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Student Profile in Health Psychology, Diversity, Trauma

Courtney Tran

Clinical Psychology Graduate Program

Undergraduate Degree: Psychology
Undergraduate Institution: The University of Texas at Dallas
Hometown: Plano, TX
Awards/Fellowships: Outstanding Graduate Research Award; Member-at-large of the American Psychological Association of Graduate Students (APAGS) Committee

Courtney Tran

How did you become interested in science and/or research specifically?

As a Vietnamese-American from a refugee family, I grew up balancing Eastern and Western culture, which fostered in me an appreciation for diversity in perspectives. From this appreciation, I grew a curiosity to further understand how a person's life experience shapes their perspective, behavior, and reality. Naturally, I was drawn to psychology and psychological research became a method for me to channel my curious energy into systematic investigation. My interest in specifically health psychology comes from growing up as part of the Vietnamese-American diaspora. Within my family and culture, emotional experiences had always been communicated to me in physical health terms, such as aches, pains, or trúng gió (getting hit by the wind). Therefore, from my world view, physical health has always been synonymous with emotional health. My intentions to enter into clinical psychology training are thus rooted in my cultural experiences and desire to propel the field forward to be inclusive of the diverse experiences of people.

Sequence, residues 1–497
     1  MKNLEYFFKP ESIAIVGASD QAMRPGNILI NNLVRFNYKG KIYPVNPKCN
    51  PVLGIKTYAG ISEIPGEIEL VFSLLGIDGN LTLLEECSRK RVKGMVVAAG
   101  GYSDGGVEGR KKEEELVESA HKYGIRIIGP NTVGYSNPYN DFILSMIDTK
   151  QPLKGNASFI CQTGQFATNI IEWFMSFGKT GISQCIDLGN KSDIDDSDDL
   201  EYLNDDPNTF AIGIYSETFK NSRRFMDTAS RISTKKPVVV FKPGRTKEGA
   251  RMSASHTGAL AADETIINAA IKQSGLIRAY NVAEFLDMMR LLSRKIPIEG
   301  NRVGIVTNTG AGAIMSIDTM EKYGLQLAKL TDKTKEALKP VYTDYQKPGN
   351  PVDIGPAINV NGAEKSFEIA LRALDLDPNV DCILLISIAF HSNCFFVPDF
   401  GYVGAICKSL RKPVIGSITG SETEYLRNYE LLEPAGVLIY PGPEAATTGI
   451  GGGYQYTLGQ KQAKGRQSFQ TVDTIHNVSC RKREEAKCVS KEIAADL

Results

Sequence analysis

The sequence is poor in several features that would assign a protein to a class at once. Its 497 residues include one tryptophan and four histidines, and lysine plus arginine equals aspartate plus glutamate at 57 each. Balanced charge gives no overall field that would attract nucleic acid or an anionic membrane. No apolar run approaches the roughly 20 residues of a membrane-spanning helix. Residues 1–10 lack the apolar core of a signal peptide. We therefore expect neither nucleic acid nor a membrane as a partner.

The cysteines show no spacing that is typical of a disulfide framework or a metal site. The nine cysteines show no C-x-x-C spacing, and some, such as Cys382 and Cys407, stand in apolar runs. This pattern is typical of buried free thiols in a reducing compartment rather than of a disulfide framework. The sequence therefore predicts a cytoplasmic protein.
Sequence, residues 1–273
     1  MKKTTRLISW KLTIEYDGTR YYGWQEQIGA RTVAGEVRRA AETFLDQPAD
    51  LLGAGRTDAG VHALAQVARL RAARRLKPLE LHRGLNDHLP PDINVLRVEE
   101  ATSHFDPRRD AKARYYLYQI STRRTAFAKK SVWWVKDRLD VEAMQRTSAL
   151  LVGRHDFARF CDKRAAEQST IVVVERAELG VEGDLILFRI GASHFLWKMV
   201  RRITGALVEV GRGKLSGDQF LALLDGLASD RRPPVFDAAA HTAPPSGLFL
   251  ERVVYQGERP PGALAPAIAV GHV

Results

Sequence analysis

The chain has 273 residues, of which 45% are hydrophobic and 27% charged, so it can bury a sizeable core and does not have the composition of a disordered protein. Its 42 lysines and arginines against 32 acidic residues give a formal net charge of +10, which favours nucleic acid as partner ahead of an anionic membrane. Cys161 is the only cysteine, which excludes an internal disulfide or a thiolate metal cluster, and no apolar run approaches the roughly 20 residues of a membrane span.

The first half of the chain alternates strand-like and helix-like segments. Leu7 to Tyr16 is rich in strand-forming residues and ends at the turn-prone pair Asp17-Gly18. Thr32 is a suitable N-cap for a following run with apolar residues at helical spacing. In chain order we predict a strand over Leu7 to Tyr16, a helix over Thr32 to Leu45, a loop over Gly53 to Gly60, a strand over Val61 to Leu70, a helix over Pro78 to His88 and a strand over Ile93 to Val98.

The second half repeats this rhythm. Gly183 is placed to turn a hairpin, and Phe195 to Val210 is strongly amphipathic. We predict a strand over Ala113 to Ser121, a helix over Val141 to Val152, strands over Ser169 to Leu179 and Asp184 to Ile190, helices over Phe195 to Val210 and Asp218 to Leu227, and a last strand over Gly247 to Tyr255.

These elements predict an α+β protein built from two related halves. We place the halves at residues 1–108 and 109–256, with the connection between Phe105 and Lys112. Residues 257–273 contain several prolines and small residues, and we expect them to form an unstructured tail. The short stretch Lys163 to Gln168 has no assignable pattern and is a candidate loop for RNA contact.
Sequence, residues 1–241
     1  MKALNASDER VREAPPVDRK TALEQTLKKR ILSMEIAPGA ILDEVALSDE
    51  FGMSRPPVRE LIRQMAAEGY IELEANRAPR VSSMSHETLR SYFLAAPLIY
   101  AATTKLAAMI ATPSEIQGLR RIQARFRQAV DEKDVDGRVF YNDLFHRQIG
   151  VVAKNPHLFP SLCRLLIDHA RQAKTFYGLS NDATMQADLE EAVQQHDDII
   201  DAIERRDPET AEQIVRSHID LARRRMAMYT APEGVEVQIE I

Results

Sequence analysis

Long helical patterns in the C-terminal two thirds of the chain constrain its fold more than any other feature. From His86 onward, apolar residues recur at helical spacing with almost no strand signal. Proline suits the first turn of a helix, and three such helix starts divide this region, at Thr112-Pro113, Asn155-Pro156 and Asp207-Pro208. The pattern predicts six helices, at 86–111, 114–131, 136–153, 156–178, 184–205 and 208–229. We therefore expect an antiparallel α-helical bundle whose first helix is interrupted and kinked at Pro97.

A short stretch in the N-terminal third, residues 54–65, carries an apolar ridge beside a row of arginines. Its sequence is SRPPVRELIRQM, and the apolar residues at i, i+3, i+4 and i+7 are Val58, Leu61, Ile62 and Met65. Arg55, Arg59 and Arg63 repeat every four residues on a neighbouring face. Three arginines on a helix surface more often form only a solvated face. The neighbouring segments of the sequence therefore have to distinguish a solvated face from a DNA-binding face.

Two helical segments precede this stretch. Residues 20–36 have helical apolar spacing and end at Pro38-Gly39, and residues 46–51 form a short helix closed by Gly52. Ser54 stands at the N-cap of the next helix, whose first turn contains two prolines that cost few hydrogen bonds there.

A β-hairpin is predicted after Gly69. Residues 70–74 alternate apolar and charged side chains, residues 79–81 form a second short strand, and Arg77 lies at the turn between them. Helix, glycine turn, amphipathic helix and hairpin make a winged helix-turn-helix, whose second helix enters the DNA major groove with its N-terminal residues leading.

Tell us about your research project and its relevance to human health.

The research projects I'm involved in focus on traumatic injury (i.e. spinal cord injury), infectious disease (i.e. COVID-19) and posttraumatic stress reactions. I have the opportunity to work in collaboration with the Trauma Research Center, which is embedded within Baylor Scott & White, a large hospital health system with a Level 1 Trauma Center in the heart of Dallas. Because of UTSW's collaborative relationship with other institutions, I am afforded the opportunity to conduct research in a fast-paced environment that is directly related to human health experiences and psychological outcome.

Why did you choose to come to UT Southwestern for graduate school?

My choice to attend UTSW was because of the rigor of clinical and research training the Clinical Psychology program offers. The program is an accelerated program that sacrifices nothing in regards to quality of training. The students from this program matriculate onto be excellent clinician-researchers and leaders within the local, state and national community. Furthermore, the program and the institution has a strong value for collaboration across disciplines in clinical work and research. Resulting from this, trainees are exposed early in their training to professionally challenging situations, which fosters critical thinking and invaluable real-world experience.

In your opinion, what makes your specific program one of the top in the country?

UTSW's Program is one of the few clinical psychology programs in the U.S. that is directly situated within an academic medical center. This translates to established relationships with a wealth of training sites at which students can gain experience. In my opinion, the most invaluable opportunity afforded by the institution is at our Dallas County Hospital, Parkland Health. Students not only are expose to complex clinical situations, but also are able to provide clinical services and conduct research with individuals who would historically not have access to quality mental health resources due to healthcare inequities.

What do you love about your program or why should a prospective student decide to get their Ph.D. here?

My love for the program comes from the community I've found within my cohort, the broader student body and faculty! Graduate training is likely guaranteed to be challenging, but having a program with a culture of collaboration and support is not always guaranteed. However UTSW's Clinical Psychology program possesses this familial culture and it has made every growing pain and success in my training worth it!

– Courtney Tran